Source: Gen. Tech. Rep. PNW-GTR-326. Portland, OR: U.S. Department of Agriculture, Forest Service, Pacific Northwest Research Station. 65 p. (Everett, Richard L., assessment team leader; Eastside forest ecosystem health assessment; Hessburg, Paul F., science team leader and tech. ed., Volume III: assessment.)
Year: 1994
Stream temperature measurements have been collected in the Caspar Creek drainage on Jackson Demonstration State Forest periodically over the past 25 years. Review of this data and other recently collected data from western Mendocino County illustrates much about the temperature regimes of small…
Author(s): Peter Cafferata
Keywords: PSW4351, Caspar Creek, Jackson State Forest, streams, temperature, canopy reduction
Source: Jackson Demonstration State Forest Newsletter, No. 39, October 1990. p. 1-4.
Year: 1990
Water quality was monitored in 1968 and 1969 in six coastal streams in northern California, four of which were subjected to logging and/or road building (Bummer Lake Creek, South Fork Yager Creek, Little North Fork Noyo River, and South Fork Caspar Creek), while the others remained undisturbed (…
Author(s): Fredric R. Kopperdahl, James W. Burns, Gary E. Smith
Keywords: PSW4351, Caspar Creek, water quality, streams, salmonids, turbidity, logging, water monitoring
Source: Inland Fisheries Administrative Rept. No. 71-12. California Department of Fish and Game, Sacramento, California. 19 p.
Year: 1971
Abstract - For estimating suspended sediment concentration (SSC) in rivers, turbidity is generally a much better predictor than water discharge. Although it is now possible to collect continuous turbidity data even at remote sites, sediment sampling and load estimation are still conventionally…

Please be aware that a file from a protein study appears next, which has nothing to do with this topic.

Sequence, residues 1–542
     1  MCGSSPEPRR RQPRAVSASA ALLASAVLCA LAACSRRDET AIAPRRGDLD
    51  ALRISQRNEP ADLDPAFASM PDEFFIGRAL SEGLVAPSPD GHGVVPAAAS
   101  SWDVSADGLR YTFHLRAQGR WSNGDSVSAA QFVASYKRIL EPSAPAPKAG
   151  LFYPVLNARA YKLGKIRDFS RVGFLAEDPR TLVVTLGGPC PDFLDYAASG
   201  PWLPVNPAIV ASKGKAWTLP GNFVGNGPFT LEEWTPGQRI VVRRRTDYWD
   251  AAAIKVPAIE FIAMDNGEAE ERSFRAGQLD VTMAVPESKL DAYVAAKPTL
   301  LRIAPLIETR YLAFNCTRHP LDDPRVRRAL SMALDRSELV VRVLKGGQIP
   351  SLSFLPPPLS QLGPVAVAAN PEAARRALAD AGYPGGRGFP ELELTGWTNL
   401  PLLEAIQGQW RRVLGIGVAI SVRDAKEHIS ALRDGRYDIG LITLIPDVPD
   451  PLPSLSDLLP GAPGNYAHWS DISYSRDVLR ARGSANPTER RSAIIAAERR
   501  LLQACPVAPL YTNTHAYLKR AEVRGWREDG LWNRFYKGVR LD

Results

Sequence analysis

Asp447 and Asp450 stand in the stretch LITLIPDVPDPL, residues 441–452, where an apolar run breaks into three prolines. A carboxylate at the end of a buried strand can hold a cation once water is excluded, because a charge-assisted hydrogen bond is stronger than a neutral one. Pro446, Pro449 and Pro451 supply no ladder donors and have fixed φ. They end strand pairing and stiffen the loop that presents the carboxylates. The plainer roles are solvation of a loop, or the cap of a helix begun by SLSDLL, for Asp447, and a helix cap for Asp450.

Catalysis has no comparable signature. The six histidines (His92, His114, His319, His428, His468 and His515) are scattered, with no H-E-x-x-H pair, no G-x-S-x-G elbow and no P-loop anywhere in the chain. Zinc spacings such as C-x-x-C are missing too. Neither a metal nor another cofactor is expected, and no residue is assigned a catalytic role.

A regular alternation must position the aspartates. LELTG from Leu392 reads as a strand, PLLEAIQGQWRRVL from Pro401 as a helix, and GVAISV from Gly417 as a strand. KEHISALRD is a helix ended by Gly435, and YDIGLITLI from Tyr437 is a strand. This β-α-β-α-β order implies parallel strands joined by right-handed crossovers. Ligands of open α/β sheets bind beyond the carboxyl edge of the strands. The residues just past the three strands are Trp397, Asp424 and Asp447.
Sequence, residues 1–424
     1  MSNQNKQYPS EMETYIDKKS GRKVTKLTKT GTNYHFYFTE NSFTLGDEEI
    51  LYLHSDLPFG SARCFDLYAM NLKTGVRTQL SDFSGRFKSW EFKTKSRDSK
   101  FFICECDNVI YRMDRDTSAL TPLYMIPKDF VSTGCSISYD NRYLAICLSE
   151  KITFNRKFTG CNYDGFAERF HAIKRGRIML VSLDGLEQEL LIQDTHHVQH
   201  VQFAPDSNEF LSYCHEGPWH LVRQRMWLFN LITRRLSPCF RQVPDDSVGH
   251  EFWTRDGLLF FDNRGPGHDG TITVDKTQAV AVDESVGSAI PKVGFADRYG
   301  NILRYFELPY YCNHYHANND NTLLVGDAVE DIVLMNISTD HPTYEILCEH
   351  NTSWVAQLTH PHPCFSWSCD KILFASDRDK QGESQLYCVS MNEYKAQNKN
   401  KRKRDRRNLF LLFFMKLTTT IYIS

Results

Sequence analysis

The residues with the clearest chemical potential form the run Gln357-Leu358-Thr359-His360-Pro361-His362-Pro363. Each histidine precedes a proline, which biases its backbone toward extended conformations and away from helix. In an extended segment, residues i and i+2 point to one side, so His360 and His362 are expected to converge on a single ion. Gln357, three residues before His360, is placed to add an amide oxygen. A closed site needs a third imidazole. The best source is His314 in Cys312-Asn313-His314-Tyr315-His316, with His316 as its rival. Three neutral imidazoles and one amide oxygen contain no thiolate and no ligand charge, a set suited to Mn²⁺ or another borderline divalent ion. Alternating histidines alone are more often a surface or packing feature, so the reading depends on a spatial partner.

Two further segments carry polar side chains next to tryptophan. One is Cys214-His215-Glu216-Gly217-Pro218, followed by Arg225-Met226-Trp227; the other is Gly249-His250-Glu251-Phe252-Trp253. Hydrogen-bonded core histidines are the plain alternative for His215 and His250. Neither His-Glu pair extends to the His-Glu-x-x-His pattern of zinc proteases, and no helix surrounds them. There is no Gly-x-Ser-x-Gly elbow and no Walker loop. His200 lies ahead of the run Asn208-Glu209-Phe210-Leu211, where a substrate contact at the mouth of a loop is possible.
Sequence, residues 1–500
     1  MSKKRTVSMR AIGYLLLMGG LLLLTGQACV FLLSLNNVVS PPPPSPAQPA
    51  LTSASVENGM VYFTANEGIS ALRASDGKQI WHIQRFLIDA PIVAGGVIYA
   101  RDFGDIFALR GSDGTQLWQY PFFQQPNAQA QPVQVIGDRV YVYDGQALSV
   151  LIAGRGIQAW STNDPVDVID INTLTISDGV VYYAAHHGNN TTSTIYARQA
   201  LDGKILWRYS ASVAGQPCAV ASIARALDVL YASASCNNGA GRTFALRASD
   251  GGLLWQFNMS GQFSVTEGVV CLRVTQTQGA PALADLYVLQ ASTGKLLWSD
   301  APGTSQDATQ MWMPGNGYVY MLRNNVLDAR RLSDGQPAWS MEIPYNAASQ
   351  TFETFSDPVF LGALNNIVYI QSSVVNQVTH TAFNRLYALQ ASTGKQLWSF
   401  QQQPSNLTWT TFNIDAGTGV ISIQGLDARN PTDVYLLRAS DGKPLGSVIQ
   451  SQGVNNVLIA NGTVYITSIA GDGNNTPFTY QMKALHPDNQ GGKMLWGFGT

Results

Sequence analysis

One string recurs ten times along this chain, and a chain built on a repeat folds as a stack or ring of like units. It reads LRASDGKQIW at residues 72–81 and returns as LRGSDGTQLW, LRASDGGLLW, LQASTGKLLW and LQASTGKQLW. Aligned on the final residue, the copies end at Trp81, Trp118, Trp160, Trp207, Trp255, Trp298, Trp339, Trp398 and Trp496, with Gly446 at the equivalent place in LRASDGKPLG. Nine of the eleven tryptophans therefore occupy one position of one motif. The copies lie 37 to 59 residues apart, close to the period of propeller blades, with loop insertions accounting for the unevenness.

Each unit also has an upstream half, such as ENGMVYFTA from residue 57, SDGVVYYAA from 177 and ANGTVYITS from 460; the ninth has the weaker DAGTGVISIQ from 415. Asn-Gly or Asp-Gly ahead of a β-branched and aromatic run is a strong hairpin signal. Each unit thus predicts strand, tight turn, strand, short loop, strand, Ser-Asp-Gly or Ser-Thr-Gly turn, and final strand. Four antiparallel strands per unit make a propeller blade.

Author(s): Jack Lewis
Keywords: PSW4351, Caspar Creek, suspended sediment concentration (SSC), turbidity, storm, streams, hydrology, programmable data logger
Source: Water Resources Research 32(7): 2299-2310.
Year: 1996
Editor's note: The measurement of water quality parameters in environmental laboratories follows standard quality control protocols using methodologies approved by the U.S. Environmental Protection Agency. However, little attention has been given to quality assurance and quality control in…
Author(s): Jack Lewis
Keywords: PSW4351, Caspar Creek, water quality, sampling suspended sediment loads, streams
Source: Water Environment Laboratory Solutions 7(2): 10-11.
Year: 2000
Abstract - New understanding of how steepland channels formed is being pursued over a large range of scales, from entrainment of bed particles to the transfer of stored sediment down channel systems. Low submergence of bed particles during transport and wide heterogeneity in particle sizes…
Author(s): T. E. Lisle
Keywords: PSW4351, channel morphology, steepland channels, sediment, bedload transport, streams
Source: In: R. Beschta, T. Blinn, G. E. Grant, F. J. Swanson, and G. G. Ice (ed.), Erosion and Sedimentation in the Pacific Rim (Proceedings of the Corvallis Symposium, August 1987). International Association of Hydrological Sciences Pub. No. 165, p. 287-297.
Year: 1987